Fig.1 Optimal filter for 2D FFT processor. Slice of the 2D spectrum in the Fringe direction.
To recover short range structure we should also process the high frequency edge. In this case we construct wide-band filter considering the signal band from f_{0} to the high-frequency end of the spectrum. The wide-band filter has the same shape at frequencies below f_{0} and is equal 1 for frequencies above f_{0}.
The optimum filter construction in other coordinate (Y-cut) is made in a similar manner as described above. Noise is approximated by exponential trend, signal is modeled by Gauss shape of same bandwidth. Some improvement in optimal filter construction can be achieved if we take in account the asymmetrical character of signal in X and Y directions of the interferogram. That is a general case as interferometric fringes are always predominant in one of the directions. Because of this the optimal filter is also asymmetrical.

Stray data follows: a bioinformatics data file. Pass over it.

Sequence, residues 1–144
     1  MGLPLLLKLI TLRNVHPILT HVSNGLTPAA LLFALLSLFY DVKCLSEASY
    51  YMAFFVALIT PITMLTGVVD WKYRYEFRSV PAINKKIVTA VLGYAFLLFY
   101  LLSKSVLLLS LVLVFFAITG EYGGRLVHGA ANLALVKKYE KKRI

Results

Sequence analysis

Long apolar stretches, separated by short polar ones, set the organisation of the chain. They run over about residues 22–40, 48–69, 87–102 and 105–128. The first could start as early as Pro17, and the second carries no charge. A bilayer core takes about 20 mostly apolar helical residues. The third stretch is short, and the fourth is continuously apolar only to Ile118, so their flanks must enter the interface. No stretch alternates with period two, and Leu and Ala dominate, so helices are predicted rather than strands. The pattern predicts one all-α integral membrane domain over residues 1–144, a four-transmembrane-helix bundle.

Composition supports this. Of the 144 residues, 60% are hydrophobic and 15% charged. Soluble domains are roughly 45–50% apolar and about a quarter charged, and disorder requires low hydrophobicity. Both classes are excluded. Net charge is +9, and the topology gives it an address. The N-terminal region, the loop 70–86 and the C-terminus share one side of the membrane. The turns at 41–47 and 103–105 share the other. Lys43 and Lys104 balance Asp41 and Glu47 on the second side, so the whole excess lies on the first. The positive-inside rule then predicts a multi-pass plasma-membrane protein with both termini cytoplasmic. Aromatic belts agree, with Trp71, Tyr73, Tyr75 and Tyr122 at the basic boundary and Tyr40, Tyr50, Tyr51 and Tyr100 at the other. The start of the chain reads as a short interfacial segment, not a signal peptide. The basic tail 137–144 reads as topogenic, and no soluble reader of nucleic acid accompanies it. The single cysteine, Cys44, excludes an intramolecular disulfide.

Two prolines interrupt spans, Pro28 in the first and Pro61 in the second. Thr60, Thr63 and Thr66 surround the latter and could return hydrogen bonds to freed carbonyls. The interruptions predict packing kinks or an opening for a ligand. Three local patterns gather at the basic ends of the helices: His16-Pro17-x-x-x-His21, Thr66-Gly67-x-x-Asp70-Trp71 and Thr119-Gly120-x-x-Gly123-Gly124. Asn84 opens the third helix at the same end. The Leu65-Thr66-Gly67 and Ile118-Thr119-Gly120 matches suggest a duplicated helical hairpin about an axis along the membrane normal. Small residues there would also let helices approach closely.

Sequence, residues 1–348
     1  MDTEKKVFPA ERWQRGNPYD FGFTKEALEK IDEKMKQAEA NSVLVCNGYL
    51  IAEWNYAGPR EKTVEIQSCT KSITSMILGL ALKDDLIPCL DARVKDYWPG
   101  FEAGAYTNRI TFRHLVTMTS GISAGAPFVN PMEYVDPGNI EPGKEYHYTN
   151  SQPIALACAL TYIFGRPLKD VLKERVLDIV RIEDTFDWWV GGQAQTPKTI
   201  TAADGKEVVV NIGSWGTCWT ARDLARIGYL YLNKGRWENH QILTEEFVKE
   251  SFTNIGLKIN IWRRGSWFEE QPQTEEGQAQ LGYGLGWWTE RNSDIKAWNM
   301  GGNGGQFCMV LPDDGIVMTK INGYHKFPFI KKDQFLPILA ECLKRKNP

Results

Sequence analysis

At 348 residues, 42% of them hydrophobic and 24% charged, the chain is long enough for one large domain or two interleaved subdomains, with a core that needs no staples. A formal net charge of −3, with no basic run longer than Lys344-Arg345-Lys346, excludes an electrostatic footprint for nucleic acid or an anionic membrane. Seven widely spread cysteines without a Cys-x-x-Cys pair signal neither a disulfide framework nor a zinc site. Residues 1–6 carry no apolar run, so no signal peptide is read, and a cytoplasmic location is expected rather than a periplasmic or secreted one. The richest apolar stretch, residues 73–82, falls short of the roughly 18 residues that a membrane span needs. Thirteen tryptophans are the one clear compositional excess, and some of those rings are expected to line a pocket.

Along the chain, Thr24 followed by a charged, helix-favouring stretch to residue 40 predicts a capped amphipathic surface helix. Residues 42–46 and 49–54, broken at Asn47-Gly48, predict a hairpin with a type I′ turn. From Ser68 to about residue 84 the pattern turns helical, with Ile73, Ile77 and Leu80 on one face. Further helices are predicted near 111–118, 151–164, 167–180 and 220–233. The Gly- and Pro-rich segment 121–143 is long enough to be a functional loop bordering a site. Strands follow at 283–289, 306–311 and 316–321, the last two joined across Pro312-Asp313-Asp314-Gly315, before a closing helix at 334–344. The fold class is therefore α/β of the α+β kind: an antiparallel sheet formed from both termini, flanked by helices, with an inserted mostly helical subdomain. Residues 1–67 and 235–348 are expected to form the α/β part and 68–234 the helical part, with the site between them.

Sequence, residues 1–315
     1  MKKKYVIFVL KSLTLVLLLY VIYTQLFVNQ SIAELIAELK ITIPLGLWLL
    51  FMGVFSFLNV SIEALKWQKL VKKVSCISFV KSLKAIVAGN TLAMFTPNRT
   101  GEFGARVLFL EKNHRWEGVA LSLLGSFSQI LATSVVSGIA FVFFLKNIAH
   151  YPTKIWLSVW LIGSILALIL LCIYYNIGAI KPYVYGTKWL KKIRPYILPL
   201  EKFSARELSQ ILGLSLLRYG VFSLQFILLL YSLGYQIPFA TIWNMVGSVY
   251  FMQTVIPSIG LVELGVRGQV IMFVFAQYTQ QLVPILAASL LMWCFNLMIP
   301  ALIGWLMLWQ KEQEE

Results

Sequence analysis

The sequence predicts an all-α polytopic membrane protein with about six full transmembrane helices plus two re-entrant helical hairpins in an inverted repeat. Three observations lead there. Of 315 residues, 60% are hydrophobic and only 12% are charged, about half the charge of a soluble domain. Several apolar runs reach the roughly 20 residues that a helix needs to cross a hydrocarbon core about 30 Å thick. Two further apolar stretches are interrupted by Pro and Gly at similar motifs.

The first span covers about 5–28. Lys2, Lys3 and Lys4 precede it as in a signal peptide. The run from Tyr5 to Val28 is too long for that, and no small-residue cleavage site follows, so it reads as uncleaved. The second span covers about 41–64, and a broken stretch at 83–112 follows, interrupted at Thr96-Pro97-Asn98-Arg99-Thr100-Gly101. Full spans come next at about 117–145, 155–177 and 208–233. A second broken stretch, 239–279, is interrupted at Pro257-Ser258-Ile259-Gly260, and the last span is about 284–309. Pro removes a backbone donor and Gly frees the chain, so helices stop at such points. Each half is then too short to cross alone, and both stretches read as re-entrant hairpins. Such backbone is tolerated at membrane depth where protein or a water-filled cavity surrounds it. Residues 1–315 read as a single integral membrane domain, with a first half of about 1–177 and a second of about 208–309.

The basics of the phase mapping using phase stepping technique is simple. First, several interferograms are produced, each corresponding to some fixed position of the phase stepper. After images are acquired, the processing is made to find a phase at each pixel. To deduce the phase from the output of each pixel, one has to know the exact phase at each phase step. Usually this is done by independent calibration of the phase stepper. Typical case of phase stepping device is a PZT mounted reference mirror of the interferometer. In this case phase stepping is made by applying some step voltage to PZT. The PZT response has to be independently calibrated in terms of sensitivity (nm/V). The problem of this approach is that PZT sensitivity is nonlinear function with some hysteresis. Also the PZT sensitivity is temperature dependent and not stable it time. The other problem is that purely linear stepping (without yaw and pitch) is quite difficult to achieve. We have tried an alternative approach in phase stepping, which provides some self-calibrating means. In this method, we acquire several arbitrary stepped interferograms into image array, and find phase at each of them by direct fitting of the fringe. Each image of the array contains information phase at any pixel point. This information can be extracted using spatial fringe. We select some reference point (pixel) on first image in the array, and make direct fit for this point using method described above (section 2.1). Note that the fit is done using spatial fringe for this particular interferogram. Repeating the procedure for all images in the array we find phase vs. array number at this particular pixel point. Thus, we have calibrated the array phase steps for this pixel.